Getting a Bloomsday finisher T-shirt is an important annual tradition for many in the Inland Northwest and this year is no different, even though the pandemic shut down the annual event and forced a virtual one instead.
Volunteers recently gathered at the Bloomsday office in West Central, spending days packing and labeling T-shirts for shipment around the globe.
“We packed up 23,000 of them,” said Jon Neill, Bloomsday race director. “We’re moving a lot of cotton.”
For the virtual Bloomsday road race, people were asked to map out and complete a 7.46-mile course anywhere in the world, record their time and then submit it. People who registered were mailed an official Bloomsday race bib to wear while they walked or ran. More than 22,700 people completed the event , Neill said.
There were already 16,000 people registered in March for the race, which had always been held on the first Sunday in May. When the virtual race was announced and registration was reopened, Neill said he was astonished by the response.
“The registrations just kept coming in,” he said. “It was amazing. It was just a community expression of devotion to Bloomsday.”
There are some people who make it a point to participate every year and get their T-shirt, Neill said. “Bloomsday is such a tradition,” he said.
Even though the physical race was canceled, a couple of hundred people still ran the official course on the first Sunday in May. Neill said he wasn’t surprised.
“I just know there’s so many diehards,” he said. “The first Sunday in May is your tradition. We knew there would be people on the course that day. It was fun to see.”
Many of the entrants in the virtual race were local, but Neill said he’s not sure of the exact number. Usually about 70% of finishers come from the Inland Northwest. But this year, there were also Bloomsdays run in Australia, New Zealand, China, Canada, Japan, Kenya and all across Europe.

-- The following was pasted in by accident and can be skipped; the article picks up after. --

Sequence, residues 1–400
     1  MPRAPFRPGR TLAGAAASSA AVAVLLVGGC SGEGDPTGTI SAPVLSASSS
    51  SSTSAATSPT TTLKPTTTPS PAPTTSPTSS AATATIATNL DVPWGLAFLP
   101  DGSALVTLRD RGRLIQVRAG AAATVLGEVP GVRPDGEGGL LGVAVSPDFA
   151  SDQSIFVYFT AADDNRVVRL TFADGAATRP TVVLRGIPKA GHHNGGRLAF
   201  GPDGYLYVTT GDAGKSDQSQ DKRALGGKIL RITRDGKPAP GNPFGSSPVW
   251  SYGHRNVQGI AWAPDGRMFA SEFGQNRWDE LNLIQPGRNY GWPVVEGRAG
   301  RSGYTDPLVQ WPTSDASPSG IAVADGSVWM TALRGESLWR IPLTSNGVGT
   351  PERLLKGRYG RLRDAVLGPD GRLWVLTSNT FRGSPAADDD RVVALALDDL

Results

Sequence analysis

Last week, thousands of T-shirts were placed in plastic shipping envelopes and then sorted into bins based on size. A large room was filled with the type of carts used to transport laundry in hotels and other facilities, all filled to the brim with packaged T-shirts. On Friday and Saturday, volunteers put shipping labels on them and sorted them by ZIP code before taking them to the post office.
Patti Bailey, who normally organizes the volunteers who run the pre-race trade show and check-in, was helping the shipping effort. She’s been volunteering since 1987 and usually looks forward to seeing her fellow volunteers every year.
Though there were only about 20 masked volunteers labeling and sorting shipping envelopes on Friday, Bailey said it was nice to see them.
“It’s been fun,” she said. “It’s almost like a feeling of normalcy. You get to see people and work together.”
Debbie Long, a member of the Central Valley School District board of directors, has been a Bloomsday volunteer since 2007. She said she was pleased to be able to help with the shipping.
“This is kind of cool,” she said as she affixed shipping labels. “We’re seeing them from everywhere. That’s what’s so cool.”
It wasn’t uncommon for Long and other volunteers to see the names of people they knew on the shipping labels. Volunteer Judy Colenso said she addressed a T-shirt to Bloomsday founder Don Kardong.
“I sent him a note,” she said. “I said ‘Congrats, Don. You’re always a winner.’ ”
Neill said there’s no way to know the final cost of shipping all the T-shirts until they see how many fail to arrive via bulk mail and have to be resent via first class mail.
“We don’t know until the process is done,” he said. “Our fingers and toes are crossed that all these shirts make it to their destinations as intended.”
There was also the cost to mail all the race bibs and buy the plastic shipping envelopes. But Neill said he was reluctant to disclose how much organizers have spent.
“It’s kind of been our history that we don’t talk about expenses,” he said.
The Lilac Bloomsday Association, the nonprofit that runs the race, reported race expenses totaling $440,000 on their tax filings in 2018, the most recent year for which data was available. Those expenses would have covered the 2018 race.
The T-shirts should begin to arrive at local addresses this week, Neill said, but he asked race finishers to be patient:
“It’s a lot of mail, and it’s going to take some time to process.”